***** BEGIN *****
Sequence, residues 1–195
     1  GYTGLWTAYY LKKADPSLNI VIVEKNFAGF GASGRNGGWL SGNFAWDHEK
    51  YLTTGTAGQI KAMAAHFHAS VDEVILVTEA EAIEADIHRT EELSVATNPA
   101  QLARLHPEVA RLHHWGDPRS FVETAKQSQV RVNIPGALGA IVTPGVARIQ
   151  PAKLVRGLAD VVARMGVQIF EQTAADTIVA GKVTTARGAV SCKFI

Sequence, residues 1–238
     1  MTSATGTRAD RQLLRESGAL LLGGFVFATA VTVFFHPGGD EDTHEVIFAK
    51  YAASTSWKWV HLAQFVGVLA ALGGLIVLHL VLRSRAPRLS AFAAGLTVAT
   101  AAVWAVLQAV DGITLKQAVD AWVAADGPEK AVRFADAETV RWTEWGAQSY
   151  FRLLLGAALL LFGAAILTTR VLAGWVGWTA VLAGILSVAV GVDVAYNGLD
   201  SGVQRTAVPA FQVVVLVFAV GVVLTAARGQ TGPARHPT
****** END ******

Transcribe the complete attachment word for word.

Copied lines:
Sequence, residues 1–195
     1  GYTGLWTAYY LKKADPSLNI VIVEKNFAGF GASGRNGGWL SGNFAWDHEK
    51  YLTTGTAGQI KAMAAHFHAS VDEVILVTEA EAIEADIHRT EELSVATNPA
   101  QLARLHPEVA RLHHWGDPRS FVETAKQSQV RVNIPGALGA IVTPGVARIQ
   151  PAKLVRGLAD VVARMGVQIF EQTAADTIVA GKVTTARGAV SCKFI

Sequence, residues 1–238
     1  MTSATGTRAD RQLLRESGAL LLGGFVFATA VTVFFHPGGD EDTHEVIFAK
    51  YAASTSWKWV HLAQFVGVLA ALGGLIVLHL VLRSRAPRLS AFAAGLTVAT
   101  AAVWAVLQAV DGITLKQAVD AWVAADGPEK AVRFADAETV RWTEWGAQSY
   151  FRLLLGAALL LFGAAILTTR VLAGWVGWTA VLAGILSVAV GVDVAYNGLD
   201  SGVQRTAVPA FQVVVLVFAV GVVLTAARGQ TGPARHPT